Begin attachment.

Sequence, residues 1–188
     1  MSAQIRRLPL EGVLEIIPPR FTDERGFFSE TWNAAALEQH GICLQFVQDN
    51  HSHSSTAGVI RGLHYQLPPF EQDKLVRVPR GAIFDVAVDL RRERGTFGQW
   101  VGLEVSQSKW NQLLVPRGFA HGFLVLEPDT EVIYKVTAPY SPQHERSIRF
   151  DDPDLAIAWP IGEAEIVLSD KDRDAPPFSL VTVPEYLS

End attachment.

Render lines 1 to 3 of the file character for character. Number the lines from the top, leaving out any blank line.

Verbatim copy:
Sequence, residues 1–188
     1  MSAQIRRLPL EGVLEIIPPR FTDERGFFSE TWNAAALEQH GICLQFVQDN
    51  HSHSSTAGVI RGLHYQLPPF EQDKLVRVPR GAIFDVAVDL RRERGTFGQW